Guillaume IX et l’Islam

Abstract : The first troubadour, whose songs are preserved, was as duke of Aquitaine the most important French prince around 1100. His military activity was, at least three times, directed against the Muslims. Her aunts and sisters were married to Iberian Christian kings, whom he defended against Almoravid invasion. In 1100-1102, he participated in Holy Land to a failed crusade. During these expeditions, he had several contacts with Arab courts, in particular with Imâd al-Dawla, the last emir of Saragossa of Banu Hudi dynasty, expelled of his capital by Almoravids. They were together in the troupe of the king of Aragon fighting them in Cutanda battle (1120). Imâd gave to him the so-called “Vase d’Aliénor d’Aquitaine”, his grand-daughter. It was preserved in Saint-Denis abbey and is nowadays in Louvre Museum. This precious crystal and silver object is not the only gift William IX received from a Muslim prince. At least one of his poems (V, Pasero ed.) seems to contain some Arabic words. Other elements show a possible influence of Hispanic-Arabic poetry in his own work. They nourish the debate on the ‘origins’ of Courtly Love. ‘Origins’ is not probably the good word, but better ‘polygenesis’ or Michel Foucault’s ‘conditions of possibility’. Thus, the study of the relations between William IX and Islam has to be done in an interdisciplinary way, which takes account of political and social history, of art history or of literature and linguistics.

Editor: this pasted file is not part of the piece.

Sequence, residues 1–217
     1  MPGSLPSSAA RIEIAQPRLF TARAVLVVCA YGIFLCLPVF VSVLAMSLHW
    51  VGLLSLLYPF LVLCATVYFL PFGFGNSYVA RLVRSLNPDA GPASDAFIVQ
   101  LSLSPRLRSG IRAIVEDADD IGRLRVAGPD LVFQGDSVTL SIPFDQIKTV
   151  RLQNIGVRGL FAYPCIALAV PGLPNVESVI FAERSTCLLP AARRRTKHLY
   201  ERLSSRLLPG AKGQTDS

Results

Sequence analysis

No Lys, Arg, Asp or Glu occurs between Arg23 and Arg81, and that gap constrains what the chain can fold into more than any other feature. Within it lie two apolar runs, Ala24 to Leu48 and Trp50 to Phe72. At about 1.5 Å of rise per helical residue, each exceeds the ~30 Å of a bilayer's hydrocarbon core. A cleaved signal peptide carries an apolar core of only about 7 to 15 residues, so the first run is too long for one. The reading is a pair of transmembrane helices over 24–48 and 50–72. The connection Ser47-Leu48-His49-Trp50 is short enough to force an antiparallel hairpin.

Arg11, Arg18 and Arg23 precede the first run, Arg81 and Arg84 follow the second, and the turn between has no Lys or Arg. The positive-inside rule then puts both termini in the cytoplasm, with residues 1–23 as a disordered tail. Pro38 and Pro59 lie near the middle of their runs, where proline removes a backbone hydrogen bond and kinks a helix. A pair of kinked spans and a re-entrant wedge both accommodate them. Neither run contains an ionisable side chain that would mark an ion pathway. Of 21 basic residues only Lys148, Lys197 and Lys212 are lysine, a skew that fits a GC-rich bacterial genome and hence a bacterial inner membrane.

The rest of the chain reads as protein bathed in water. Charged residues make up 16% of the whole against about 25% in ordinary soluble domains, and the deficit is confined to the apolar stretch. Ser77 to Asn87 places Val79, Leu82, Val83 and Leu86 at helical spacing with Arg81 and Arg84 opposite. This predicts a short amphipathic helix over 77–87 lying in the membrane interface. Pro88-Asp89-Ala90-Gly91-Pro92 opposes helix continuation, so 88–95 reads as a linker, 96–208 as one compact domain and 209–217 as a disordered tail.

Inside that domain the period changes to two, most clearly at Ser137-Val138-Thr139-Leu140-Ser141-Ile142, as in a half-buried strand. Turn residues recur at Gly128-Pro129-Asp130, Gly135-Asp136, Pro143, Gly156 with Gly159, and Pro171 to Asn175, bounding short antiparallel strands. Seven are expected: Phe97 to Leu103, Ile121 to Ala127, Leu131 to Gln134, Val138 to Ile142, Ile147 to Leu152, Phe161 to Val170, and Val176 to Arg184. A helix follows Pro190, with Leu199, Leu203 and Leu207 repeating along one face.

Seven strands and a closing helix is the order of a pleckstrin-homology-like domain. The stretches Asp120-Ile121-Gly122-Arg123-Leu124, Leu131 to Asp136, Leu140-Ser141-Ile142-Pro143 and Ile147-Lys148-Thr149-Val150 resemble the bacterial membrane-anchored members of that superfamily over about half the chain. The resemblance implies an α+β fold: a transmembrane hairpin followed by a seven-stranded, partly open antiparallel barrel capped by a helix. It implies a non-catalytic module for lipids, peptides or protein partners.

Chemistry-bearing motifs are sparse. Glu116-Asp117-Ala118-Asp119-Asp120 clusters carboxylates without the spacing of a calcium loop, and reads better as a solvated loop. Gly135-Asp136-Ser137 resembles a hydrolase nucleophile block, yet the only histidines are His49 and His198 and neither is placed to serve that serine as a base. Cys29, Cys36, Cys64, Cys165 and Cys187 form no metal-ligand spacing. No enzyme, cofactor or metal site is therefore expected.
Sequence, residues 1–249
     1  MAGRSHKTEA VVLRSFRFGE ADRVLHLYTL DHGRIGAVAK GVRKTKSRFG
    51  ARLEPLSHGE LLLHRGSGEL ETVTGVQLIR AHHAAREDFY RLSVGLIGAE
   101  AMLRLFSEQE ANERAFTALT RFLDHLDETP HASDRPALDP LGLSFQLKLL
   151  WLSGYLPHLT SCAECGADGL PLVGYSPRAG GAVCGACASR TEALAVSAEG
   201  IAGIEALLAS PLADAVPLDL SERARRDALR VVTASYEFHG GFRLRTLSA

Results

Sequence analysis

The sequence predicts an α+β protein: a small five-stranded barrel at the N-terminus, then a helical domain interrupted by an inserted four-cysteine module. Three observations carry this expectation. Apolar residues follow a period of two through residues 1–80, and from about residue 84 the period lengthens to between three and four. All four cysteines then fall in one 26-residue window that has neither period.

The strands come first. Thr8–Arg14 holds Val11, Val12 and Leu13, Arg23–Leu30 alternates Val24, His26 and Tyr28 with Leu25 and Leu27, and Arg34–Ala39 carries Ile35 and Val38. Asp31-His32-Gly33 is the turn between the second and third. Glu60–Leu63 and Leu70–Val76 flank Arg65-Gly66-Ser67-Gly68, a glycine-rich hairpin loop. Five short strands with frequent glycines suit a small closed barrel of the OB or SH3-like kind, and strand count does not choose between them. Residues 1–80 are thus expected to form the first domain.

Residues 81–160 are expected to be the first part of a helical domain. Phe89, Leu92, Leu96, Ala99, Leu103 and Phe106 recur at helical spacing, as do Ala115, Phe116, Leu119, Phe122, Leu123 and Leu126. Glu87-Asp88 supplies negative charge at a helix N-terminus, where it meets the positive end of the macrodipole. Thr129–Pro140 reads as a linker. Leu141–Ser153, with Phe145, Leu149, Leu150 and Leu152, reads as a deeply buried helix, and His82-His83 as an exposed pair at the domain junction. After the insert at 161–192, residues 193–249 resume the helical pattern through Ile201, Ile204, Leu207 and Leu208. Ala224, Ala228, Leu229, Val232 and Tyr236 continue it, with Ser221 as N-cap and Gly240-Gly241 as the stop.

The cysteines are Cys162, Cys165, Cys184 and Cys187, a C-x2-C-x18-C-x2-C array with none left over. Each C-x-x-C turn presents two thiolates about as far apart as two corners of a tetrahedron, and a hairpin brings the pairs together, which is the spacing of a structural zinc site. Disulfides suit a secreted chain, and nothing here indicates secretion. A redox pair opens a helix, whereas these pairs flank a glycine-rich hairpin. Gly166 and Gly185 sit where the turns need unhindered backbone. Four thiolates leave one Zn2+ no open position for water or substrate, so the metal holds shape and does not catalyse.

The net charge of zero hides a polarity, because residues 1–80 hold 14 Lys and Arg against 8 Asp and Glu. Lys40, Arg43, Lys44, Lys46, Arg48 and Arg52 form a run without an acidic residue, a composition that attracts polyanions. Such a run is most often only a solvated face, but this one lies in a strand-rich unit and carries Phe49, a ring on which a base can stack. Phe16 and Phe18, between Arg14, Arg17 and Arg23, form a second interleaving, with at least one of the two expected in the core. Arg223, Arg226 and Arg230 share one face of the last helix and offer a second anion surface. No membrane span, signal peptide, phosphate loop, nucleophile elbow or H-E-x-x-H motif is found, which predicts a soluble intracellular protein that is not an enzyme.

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Submitted on : Thursday, December 15, 2016 - 4:05:18 PM
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  • HAL Id : halshs-01417431, version 1



Martin Aurell. Guillaume IX et l’Islam. Trobadas, Sep 2013, Bordeaux-Poitiers, France. pp.69-125. ⟨halshs-01417431⟩



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